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From Tyler Hobbs <>
Subject Re: March 2015 QA retrospective
Date Fri, 10 Apr 2015 15:55:51 GMT
> Bloom Filter
> truePositive counter not updated on key cache hit
> * We could avoid this with extensive checking of metrics output after
> tests, having JMX available in dtests would be a good start
> I recently added some utilities for using JMX from the dtests:

On Fri, Apr 10, 2015 at 7:04 AM, Benedict Elliott Smith <> wrote:

> TL;DR: "Kitchen sink" (aggressive randomised stress with subsystem
> correctness) tests; commitlog/memtable isolated correctness stress testing;
> improved tool/utility testing; internal structural changes to prevent
> occurrence (delivered); fault injection testing. Filed #916[1-5]
> <> Benedict
> FileNotFoundException during STREAM-OUT triggers 100% CPU usage Streaming
> This particular class of bug should be near impossible, due to structural
> changes beginning with 7705. For testing such an uncommon race condition,
> we would hope it to be exhibited eventually by our kitchen sink aggressive
> testing, but it would be a very uncommon event.
> CASSANDRA-8383 <>
> Benedict Memtable
> flush may expire records from the commit log that are in a later memtable
> No
> regression test, no follow up ticket. Could/should this have been
> reproducable as an actual bug?
> As stated on the ticket, we need to introduce rigorous randomized testing
> of the commit log's correctness, both in isolation and in conjunction with
> memtable flushing. This is not a trivial undertaking. Whether or not it
> integrates with our kitchen sink tests is an open question, but I think
> that might be difficult. I've filed #9162 to track this.
> CASSANDRA-8429 <>
> Benedict
> Some keys unreadable during compaction
> Running stress in CI would have caught this, and we're going to do that
> CASSANDRA-8459 <>
> Benedict
> "autocompaction" on reads can prevent memtable space reclaimation
> Kitchen sink tests with sufficiently large partitions written over a
> sufficiently large period of time. Same risk present for e.g. secondary
> indexes, so aggressive coverage of these, including scans etc, important.
> CASSANDRA-8499 <>
> Benedict
> Ensure SSTableWriter cleans up properly after failure
> Testing error paths? Any way to test things in a loop to detect leaks?
> This kind of leak are now reported, and autocorrected for, so detecting is
> much easier. However fault injection testing (if we can find a good way for
> license compliance) as I started in CASSANDRA-8568 would help a lot also.
> CASSANDRA-8513 <>
> Benedict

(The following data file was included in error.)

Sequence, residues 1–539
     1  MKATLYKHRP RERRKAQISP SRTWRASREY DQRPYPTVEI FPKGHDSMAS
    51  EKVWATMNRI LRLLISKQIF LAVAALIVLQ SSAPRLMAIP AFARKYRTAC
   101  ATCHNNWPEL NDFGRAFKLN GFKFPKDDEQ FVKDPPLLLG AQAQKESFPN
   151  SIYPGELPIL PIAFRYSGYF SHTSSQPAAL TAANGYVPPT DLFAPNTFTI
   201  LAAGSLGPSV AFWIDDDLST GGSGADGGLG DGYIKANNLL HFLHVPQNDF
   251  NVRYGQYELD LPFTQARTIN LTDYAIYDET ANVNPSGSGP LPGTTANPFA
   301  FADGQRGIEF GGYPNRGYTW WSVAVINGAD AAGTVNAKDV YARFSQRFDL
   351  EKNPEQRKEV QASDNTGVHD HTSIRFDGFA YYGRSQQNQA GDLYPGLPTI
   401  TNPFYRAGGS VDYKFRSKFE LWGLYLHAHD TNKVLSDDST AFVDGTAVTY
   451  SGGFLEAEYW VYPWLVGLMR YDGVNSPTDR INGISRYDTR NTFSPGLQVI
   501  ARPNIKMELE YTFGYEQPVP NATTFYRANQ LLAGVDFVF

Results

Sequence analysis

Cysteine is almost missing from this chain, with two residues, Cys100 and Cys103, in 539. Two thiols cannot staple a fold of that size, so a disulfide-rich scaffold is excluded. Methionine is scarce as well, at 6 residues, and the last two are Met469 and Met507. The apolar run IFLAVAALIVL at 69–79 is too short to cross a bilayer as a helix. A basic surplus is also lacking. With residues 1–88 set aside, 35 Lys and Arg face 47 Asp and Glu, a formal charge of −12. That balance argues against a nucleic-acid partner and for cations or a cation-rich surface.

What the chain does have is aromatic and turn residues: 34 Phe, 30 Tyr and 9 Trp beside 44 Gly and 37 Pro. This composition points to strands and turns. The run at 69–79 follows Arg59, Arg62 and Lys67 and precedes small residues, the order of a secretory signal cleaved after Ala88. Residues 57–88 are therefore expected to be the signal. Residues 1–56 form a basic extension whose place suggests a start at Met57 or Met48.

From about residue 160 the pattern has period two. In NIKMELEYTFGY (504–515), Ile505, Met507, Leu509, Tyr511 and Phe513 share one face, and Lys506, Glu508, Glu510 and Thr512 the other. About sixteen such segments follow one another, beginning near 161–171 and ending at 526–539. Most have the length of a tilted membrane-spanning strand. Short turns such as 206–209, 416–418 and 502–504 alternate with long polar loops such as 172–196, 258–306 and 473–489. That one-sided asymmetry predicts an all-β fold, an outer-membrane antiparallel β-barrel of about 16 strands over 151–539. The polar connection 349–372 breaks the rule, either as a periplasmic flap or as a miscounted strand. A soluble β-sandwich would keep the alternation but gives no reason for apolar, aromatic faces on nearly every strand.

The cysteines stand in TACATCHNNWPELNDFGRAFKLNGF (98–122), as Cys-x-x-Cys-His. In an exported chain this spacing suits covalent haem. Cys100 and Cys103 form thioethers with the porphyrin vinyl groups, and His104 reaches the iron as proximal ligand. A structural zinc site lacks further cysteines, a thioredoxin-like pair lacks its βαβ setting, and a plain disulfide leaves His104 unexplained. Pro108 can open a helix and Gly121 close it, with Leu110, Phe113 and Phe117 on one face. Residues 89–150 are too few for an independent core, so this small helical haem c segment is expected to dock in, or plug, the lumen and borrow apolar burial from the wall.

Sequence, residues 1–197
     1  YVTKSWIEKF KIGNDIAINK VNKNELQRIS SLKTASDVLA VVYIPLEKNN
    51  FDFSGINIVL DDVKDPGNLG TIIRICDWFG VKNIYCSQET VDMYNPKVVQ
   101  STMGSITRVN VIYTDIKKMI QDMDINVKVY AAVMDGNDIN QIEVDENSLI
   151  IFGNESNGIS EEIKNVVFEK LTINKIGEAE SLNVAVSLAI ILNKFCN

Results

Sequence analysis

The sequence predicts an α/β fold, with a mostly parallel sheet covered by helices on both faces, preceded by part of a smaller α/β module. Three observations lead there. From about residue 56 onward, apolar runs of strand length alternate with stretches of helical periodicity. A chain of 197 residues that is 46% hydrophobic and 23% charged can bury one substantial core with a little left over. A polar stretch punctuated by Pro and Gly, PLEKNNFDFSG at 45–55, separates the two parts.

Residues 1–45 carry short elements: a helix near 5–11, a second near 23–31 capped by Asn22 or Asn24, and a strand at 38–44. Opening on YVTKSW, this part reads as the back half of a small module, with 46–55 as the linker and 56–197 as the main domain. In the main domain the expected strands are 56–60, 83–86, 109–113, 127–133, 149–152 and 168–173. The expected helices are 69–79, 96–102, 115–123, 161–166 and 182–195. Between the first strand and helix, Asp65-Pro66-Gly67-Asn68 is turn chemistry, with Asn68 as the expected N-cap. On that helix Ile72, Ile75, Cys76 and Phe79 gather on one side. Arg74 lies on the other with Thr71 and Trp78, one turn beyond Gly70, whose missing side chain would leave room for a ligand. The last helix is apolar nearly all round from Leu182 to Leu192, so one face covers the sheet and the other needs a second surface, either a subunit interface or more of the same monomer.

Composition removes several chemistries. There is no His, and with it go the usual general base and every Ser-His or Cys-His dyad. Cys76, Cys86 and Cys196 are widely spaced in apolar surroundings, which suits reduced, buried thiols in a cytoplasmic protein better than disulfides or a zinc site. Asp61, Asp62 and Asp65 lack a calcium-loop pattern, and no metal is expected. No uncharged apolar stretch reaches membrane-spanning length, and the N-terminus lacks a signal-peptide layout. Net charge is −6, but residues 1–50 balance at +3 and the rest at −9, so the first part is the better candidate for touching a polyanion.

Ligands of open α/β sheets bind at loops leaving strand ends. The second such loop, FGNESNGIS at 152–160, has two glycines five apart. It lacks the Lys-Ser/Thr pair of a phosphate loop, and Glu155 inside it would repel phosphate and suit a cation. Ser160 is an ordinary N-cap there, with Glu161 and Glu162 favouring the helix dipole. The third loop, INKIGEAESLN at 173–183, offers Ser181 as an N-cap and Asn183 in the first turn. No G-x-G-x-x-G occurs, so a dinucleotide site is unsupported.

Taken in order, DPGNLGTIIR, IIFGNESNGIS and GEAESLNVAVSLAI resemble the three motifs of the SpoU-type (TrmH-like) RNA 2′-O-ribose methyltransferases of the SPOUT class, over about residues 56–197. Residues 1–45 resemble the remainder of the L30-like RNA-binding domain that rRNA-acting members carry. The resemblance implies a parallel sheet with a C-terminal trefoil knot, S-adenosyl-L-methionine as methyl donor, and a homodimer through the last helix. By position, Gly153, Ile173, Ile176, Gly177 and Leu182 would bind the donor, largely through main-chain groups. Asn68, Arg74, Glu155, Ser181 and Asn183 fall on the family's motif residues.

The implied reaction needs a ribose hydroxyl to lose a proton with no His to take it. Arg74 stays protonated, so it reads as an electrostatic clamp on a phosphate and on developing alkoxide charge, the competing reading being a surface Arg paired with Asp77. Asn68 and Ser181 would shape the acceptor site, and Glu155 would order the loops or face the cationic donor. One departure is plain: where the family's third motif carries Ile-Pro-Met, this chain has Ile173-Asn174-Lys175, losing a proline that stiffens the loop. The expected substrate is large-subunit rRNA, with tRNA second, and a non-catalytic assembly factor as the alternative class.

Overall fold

> SSTableScanner may not acquire reference, but will still release it when
> closed
> This had a user visible component, what test could have caught it befor
> erelease?
> Again, this cannot happen now, due to internal structural changes to
> prevent it.
> CASSANDRA-8619 <
> > Benedict
> using CQLSSTableWriter gives ConcurrentModificationException
> Some better testing of our tools and utilities. The fix for this introduced
> its own bug, by the looks of it, which we also did not catch. Better
> (randomized long testing) coverage of these tools would help in both fixing
> and ensuring it doesn't return again.
> CASSANDRA-8632 <>
> Benedict
> cassandra-stress only generating a single unique row
> This was caught prior to release by developer use, which is currently the
> only QA we have for stress. Some basic testing would certainly be helpful,
> but there is a tension between getting stress to do useful things, and
> testing that it does so, since there are finite resources available to us.
> The utility is currently probably more pressing, given the eyes it gets
> when it is used. With more complex validation arriving, in conjunction with
> performance profile histories and its generally being employed as a dev
> tool, it should somewhat self test (major changes in performance profiles
> should be explicable else investigated, and critical mistakes should often
> lead to failed validation, or to users noticing a problem), and I expect
> this will have to suffice for the interim.
> CASSANDRA-8668 <>
> Benedict We don't enforce offheap memory constraints; regression
> introduced by 7882
> This would have been easily found with a kitchen sink test that was
> inserting large columns. We should probably also have some specific tests
> for ensuring the allocation tracking is exactly correct (by inspecting the
> whole object graph independently, and reconciling the values), but this is
> fiddly and of low immediate yield.
> CASSANDRA-8719 <>
> Benedict
> Using thrift HSHA with offheap_objects appears to corrupt data
> *Untested configuration before release, this would be straightforward if we
> ran with it? *
> Spot on.
> CASSANDRA-8726 <
> > Benedict
> throw OOM in Memory if we fail to allocate OOM
> Kind of tricky to induce an OOM; in general we consider an OOM to put C*
> into an unstable state as well, so correct behaviour is just to shut down,
> making it potentially tricky to test all avenues that could throw OOM.
> Possibly the best route is to modify the byte code to corrupt the return
> value to zero for each possible avenue we can reach it by, and confirm that
> shutdown occurs safely.

Tyler Hobbs
DataStax <>

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